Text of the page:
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Name:

Faculty: Alexandru-Ioan Cuza, Faculty of Letters


Section: English- Romanian
Title: Artistic motivation in terms of exploring the insecurity of feminine self in Bronwen
Wallace s An easy life
Outline:
-introduction
- definitions of formalistic and feminst approach
-counterpointing techniques used in An easy life
-examples of insecurity of feminine self from the text and analysis
-foreshadowing techniques used by Bronwen Wallace
-conclusion
Bibliography:
W. L. Guerin, Earle Labor- A Handbook of Critical Approaches to Literature, 1966/1992
Sara Mills- Feminist Stylistics, 1995
Bronwen Wallace- An easy life
http://en.wikipedia.org/wiki/Bronwen_Wallace



Artistic motivation in terms of exploring the insecurity of feminine self
in Bronwen Wallace s An easy life



Bronwen Wallaces An easy life is a beautiful story of altered perceptions whose
attention to the detail communicates the clarity of vision washed with emotion that drugs
bring. In its work of fiction, Bronwen Wallace is not playing only with language but with life that
animates this short story and gives it power. Thats why we choose to analyse the short story
from two points of view: formalistic and and feminist approach.
As its name suggests, the object of formalistic criticism is to find the key to the
structure and meaning of the literary work- a key that inevitably reveals itself as necessary to
the experience of the work as an art form. This approach is based on the idea that, although
extra-literary considerations (such as the authors life, his times, and sociological phenomena)
may be interesting and sometimes quite helpful, the heart of the matter ought to be, quite
simply: What is the literary work, what are its shape and effect, and how do these come about?
In short, we search for the form, necessary for a real understanding of the work.
Feminism literary criticism is an ideologically committed type of criticism, engaged in the
issue of exposing the unequal treatment of women in patriarchal society as reflected in artistic
representations.
At a first sight we notice Bronwen Wallaces technique of counterpointing. In its most
general aspect, counterpoint involves the writing of musical lines that sound very different and
move independently from each other but sound harmonious when played simultaneously.
An easy life is a perfect example of the analogies that can emerge between two initially
divergent narratives: the easy life of Marion Walker and the life of Tracey Harper. In the end of
the short-story the two different existences appear to have a memory in common:
The breeze feels wonderful on her hot face. She wipes the sweat off her forehead with
the back of her hand as she steps out, and that for some reason makes her think of the days she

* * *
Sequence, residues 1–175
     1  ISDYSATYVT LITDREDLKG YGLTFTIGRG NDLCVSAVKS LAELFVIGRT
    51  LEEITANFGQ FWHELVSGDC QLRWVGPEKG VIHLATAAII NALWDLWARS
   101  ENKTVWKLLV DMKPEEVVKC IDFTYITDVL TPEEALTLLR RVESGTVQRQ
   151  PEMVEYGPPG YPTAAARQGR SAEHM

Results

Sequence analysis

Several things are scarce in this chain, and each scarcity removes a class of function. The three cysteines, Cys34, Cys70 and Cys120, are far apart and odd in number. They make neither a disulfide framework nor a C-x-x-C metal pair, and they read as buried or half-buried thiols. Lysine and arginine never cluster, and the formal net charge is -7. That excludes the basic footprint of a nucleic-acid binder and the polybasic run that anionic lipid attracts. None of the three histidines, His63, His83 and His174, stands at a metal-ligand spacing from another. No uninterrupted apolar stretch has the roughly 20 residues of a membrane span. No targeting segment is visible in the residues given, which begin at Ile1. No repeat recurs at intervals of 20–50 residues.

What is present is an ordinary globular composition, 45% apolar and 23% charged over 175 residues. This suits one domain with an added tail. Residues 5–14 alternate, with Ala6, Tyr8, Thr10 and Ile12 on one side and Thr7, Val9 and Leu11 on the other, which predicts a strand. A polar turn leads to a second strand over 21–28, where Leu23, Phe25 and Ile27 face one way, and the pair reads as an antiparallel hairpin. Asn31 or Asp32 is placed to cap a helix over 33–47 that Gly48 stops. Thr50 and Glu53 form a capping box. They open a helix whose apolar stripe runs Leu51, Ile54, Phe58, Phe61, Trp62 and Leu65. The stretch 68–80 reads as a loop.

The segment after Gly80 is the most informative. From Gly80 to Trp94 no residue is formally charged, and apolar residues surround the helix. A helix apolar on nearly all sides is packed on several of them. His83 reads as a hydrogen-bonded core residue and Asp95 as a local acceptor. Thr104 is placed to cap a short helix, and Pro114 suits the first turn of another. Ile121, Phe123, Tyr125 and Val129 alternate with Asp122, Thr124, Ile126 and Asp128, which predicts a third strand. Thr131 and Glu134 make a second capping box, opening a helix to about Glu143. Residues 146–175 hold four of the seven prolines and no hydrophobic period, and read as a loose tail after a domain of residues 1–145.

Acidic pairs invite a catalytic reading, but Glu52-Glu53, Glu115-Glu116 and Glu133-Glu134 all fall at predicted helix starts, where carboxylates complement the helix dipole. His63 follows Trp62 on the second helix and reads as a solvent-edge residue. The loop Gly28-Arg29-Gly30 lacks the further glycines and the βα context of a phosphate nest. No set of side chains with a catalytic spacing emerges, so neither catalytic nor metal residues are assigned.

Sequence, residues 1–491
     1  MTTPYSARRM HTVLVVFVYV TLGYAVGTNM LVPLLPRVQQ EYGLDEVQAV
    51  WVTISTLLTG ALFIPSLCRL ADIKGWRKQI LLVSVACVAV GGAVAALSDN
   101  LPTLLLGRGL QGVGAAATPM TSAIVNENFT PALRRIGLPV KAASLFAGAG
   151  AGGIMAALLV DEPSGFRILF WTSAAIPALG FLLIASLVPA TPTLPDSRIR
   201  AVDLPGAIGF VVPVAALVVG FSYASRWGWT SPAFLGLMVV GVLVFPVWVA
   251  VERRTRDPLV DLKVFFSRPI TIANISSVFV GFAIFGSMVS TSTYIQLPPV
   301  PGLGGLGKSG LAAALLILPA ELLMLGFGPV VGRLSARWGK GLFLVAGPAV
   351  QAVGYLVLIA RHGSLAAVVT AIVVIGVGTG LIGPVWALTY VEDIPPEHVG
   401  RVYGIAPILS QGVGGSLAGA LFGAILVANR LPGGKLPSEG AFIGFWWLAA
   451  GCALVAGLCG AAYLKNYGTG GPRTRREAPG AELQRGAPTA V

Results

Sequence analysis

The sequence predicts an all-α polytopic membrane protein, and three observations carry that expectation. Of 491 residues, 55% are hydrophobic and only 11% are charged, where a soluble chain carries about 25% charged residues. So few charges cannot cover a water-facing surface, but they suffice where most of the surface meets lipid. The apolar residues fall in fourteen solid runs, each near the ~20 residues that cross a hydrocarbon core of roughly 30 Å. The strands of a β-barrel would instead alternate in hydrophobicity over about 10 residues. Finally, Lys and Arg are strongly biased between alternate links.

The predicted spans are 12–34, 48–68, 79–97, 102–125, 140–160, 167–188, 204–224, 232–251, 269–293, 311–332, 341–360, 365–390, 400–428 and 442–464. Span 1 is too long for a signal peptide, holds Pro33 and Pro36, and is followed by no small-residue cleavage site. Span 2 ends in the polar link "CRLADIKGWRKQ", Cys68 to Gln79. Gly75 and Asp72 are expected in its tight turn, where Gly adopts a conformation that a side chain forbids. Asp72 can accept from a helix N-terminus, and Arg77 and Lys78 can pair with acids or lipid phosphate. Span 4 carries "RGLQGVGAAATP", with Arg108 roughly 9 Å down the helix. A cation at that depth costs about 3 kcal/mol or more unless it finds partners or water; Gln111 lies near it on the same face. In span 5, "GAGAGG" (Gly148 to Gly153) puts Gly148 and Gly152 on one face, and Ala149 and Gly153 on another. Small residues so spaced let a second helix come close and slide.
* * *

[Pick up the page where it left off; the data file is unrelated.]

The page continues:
took Tracy Harper to the mall because she couldnt think of anything else to do and how theyd
tried on clothes and makeup in The Bay. Tracy wanted to do Marions face and she let her
though she never wears makeup. Now, she can feel Tracys fingertips again on her eyelids and
her cheeks. They stick slightly, pulling at her skin, as if Tracy is pressing too hard, exasperated
with something she sees there, something she cant erase or alter. And at the same time, they
flutter and soothe, almost as a lovers would.
In this paragraph is presented a combination of emotions, of anger and tenderness,
mixed feelings. In this way, through the use of an omniscient narrator, the author reveals the
insecurity of feminine self and the power of a simple memory. Both Marion and Tracy feel
uncomfortable because of their different life style and because of the inability of
comprehending their feelings.
Bronwen Wallaces easy-going idiolect is stamped by a colloquial manner (). What
she largely voices is the experience of memory in an attempt to shape out an elusive pattern for
life, a pattern enabling one at once to restore its lost intensity and to retrieve/redeem
experience from the neglect of time.() the private yet common features of human(fe-/male)
experience- fear and need for love- are getting explored so as to thematically foreground the
heroism of living, of loving and of self-/acceptance.
Marions feminine insecurity is presented by the author using flashback memories. Even
if people can see only the easy part of her life (The other thing they say is that she seems to
have a very easy life.) she wonders how it would have been if she had had another life:
Of course, Marion and Carl argue, who doesnt. And sometimes they both wonder
what it would have been like if theyd waited a while, met other people, maybe travelled a